On the one hand, respondents Martin and Curtis have amassed authorities such as North American Steel Prod. Corp. v. S.S. Andros Mentor, 194 F. Supp. 394 (S.D.N.Y.1961), Evangelinos v. Andreavapor Cia. Nav., S.A., 162 F. Supp. 520 (S.D.N.Y.1958), and 2 Benedict on Admiralty, ยง 334 (6th Ed., Knauth), all of which say in substance that


The exceptive allegation is a pleading primarily designed to bring to the attention of the court a fact not appearing on the face of the libel but constituting in itself a complete bar to recovery.

 From that basis these respondents contend that the Exceptive Allegations and Exceptions to the Libel do not properly raise the defense which Canadian asserts. Those arguments are not believed sufficient to overcome the following circumstances. Respondent Canadian Transport has used proper procedure in pleading the Charter Party by means of Exceptions to the Libel. Libellant has not taken issue with the Exceptive Allegations. The Court also agrees with the following contentions of Canadian:


"* * * If libellant felt that there are certain facts which would show that Canadian Transport controlled the navigation of the vessel in spite of the Charter Party, it should have answered our Exceptions and engaged in the customary discovery in order to establish the necessary facts on the record. We have not raised mixed questions of law and fact, but have pleaded a fact which is now established upon the record by means of our Exceptive Allegations, and, in accordance with the age old traditions of maritime law, the Charter Party is entitled to its traditional interpretation and is, upon this state of the record, conclusive as to Canadian Transport's status and duties not only as to the owner of the vessel, but as to third parties as well."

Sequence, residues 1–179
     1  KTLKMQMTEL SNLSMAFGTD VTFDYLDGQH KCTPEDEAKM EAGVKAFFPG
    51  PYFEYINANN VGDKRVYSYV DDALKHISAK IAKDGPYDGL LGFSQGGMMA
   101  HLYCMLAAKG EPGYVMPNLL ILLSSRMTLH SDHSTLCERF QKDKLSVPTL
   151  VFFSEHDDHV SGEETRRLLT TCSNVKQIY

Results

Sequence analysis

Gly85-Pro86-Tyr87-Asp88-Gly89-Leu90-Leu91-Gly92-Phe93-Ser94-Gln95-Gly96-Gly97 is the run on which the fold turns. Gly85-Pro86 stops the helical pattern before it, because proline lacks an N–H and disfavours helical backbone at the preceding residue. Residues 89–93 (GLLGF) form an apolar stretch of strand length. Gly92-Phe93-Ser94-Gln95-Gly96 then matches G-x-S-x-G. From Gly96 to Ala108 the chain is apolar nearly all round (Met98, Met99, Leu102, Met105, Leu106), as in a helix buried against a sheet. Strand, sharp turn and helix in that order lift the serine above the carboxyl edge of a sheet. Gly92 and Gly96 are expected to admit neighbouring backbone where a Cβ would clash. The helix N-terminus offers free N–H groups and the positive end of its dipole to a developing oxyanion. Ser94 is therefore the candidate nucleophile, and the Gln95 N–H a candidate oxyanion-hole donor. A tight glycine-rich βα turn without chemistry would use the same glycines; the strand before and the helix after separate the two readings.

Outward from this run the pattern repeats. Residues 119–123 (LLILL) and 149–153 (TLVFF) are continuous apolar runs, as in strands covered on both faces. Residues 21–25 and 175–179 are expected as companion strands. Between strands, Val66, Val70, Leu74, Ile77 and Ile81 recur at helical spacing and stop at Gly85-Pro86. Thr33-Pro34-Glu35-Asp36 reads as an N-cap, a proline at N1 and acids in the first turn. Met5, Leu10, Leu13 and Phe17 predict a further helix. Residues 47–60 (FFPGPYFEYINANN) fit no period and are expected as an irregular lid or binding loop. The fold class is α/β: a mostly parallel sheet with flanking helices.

Consonant with the foregoing view, the motion of Canadian Transport, Inc. to be discharged as a party respondent to this action is granted, and it is so ordered.